Take the Horn out of Your Mouth

Take the Horn out of Your MouthJanuary 25, 2023

Arguably the greatest pairing of a trumpeter and saxophonist in one jazz band for an extended period was when John Coltrane played in Miles Davis’s group in the late 1950s and early 1960s.

But there were tensions, and those tensions grew into conflicts which led to Coltrane leaving Davis to go out on his own.

One source of conflict was solos. Davis thought Coltrane’s solos were too long. At one point, Coltrane told Miles that there was so much to say that he didn’t know how to stop playing.

“Take the horn out of your [bleeping] mouth,” Davis snapped.

Good advice for all of us.

I have guests come on my podcasts with notes and talking points so “they say everything they want to say.” Some get unnecessarily upset when the show is over, because they forgot to make this point or that one.

I understand where they’re coming from, but they’re missing the point.

It’s not the content of what you say, because people don’t remember that.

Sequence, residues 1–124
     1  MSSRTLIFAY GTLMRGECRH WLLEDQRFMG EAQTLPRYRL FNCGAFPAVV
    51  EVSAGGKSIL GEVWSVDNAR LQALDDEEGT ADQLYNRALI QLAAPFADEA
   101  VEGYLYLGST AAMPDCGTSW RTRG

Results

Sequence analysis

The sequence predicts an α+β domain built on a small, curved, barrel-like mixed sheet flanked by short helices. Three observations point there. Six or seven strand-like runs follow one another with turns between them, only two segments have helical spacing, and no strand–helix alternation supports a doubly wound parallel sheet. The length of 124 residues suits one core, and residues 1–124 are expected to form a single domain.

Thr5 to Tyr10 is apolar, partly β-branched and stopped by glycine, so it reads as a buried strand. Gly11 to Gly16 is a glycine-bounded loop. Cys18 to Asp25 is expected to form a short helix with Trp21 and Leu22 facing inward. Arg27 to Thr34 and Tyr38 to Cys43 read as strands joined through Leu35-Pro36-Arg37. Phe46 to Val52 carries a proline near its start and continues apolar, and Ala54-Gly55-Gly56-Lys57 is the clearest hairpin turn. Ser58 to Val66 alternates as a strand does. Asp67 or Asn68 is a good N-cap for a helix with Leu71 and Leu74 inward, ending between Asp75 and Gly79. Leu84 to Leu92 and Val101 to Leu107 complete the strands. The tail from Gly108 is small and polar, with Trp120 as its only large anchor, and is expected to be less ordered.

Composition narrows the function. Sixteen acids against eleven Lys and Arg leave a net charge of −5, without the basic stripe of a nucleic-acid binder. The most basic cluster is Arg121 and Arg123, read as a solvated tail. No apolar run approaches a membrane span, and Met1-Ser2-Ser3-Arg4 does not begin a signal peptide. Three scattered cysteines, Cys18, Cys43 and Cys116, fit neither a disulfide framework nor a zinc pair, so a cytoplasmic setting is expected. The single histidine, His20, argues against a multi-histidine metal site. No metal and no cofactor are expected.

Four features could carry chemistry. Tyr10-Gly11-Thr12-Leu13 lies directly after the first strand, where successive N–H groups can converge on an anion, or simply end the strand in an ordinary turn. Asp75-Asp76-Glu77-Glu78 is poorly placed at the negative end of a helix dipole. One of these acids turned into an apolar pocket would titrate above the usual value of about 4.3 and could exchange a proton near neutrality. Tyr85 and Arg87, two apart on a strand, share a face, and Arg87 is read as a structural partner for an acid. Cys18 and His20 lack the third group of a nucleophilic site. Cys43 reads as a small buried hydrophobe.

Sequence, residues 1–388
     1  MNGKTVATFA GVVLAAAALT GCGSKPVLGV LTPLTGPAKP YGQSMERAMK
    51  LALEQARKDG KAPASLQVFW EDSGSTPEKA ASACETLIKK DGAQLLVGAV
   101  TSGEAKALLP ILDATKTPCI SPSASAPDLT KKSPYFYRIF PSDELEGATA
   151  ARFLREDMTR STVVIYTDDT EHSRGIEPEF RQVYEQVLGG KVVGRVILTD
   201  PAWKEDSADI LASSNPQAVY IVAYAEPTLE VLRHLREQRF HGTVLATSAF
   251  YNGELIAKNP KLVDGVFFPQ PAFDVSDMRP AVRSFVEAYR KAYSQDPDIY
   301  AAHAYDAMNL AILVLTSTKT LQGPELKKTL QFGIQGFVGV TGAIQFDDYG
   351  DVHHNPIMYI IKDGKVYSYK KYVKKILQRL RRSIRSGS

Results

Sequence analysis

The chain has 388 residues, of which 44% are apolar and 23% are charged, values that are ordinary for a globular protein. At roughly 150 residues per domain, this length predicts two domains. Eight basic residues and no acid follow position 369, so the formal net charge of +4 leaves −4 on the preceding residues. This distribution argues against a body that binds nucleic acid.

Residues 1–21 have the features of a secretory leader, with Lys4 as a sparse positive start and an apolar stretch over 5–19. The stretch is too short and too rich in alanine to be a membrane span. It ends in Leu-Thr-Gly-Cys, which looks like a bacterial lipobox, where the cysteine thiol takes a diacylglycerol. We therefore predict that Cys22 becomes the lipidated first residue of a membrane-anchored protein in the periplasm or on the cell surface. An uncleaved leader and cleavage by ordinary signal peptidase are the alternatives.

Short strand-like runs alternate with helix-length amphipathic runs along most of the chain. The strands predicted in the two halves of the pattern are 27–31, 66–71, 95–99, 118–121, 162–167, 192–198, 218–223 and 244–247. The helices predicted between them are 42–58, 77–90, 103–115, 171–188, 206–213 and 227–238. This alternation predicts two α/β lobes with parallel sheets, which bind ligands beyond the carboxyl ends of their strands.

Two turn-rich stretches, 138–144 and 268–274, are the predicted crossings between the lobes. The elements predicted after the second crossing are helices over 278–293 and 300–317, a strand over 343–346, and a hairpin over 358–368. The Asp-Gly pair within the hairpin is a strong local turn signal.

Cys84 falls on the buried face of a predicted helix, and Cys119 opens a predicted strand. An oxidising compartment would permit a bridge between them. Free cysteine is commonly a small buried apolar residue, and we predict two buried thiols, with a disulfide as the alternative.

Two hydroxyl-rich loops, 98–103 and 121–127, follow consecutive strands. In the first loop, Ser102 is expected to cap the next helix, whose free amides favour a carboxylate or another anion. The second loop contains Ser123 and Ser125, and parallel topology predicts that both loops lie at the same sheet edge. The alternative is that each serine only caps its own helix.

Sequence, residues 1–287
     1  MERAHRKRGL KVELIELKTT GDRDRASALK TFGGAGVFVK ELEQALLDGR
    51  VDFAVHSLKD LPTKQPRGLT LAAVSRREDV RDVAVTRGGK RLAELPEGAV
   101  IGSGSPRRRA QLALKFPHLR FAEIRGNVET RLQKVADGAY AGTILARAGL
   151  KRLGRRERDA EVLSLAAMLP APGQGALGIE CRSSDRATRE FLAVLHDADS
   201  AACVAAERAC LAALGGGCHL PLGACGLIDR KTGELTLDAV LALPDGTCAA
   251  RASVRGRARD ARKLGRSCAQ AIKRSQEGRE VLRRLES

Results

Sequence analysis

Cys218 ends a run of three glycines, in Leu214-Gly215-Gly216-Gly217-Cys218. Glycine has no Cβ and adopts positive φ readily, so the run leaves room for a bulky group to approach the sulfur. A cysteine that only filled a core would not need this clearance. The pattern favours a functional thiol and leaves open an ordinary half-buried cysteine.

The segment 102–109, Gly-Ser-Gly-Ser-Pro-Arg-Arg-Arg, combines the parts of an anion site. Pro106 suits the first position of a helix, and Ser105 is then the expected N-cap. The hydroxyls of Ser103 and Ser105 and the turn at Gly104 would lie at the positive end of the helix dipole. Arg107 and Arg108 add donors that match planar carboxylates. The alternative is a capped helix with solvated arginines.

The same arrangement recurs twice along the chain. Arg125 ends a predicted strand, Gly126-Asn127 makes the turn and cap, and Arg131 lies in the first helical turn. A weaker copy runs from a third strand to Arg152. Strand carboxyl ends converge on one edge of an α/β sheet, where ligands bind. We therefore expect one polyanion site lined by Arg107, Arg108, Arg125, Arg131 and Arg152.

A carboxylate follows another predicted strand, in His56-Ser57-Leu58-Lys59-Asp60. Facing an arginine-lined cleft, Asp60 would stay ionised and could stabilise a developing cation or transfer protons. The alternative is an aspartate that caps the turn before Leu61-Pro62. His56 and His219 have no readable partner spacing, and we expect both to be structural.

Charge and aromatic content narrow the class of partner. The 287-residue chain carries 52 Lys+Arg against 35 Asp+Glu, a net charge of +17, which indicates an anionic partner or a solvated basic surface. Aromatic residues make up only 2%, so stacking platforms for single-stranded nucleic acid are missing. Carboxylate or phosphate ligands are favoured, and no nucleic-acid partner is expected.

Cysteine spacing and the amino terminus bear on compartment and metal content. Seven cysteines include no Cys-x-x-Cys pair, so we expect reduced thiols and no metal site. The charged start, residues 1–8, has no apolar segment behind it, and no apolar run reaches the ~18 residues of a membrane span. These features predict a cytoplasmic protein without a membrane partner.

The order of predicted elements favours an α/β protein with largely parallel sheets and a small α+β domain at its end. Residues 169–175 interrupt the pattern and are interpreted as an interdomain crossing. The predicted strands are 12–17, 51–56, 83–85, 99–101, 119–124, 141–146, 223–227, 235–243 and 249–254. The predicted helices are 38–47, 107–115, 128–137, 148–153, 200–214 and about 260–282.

What sticks is the emotion and passion you convey.


Image Credit:  Reijo Koskinen / Lehtikuva, Public domain, via Wikimedia Commons

(This blog post was also posted on LinkedIn.)

©Ray Business Advisors, LLC and John Ray


About me: I help solo or small professional services firm owners with the confidence and positioning necessary to improve their pricing and change the trajectory of not only their business but their life.

I have a podcast called The Price and Value Journey, which features interviews with industry leaders and audio versions of my blog posts. You can find the podcast on your favorite podcast app.

I also have a book coming out in 2023:  The Price and Value Journey: Raise Your Confidence, Your Value, and Your Prices to Grow Your Business Using The Generosity Mindset.

For more information, go to PriceValueJourney.com

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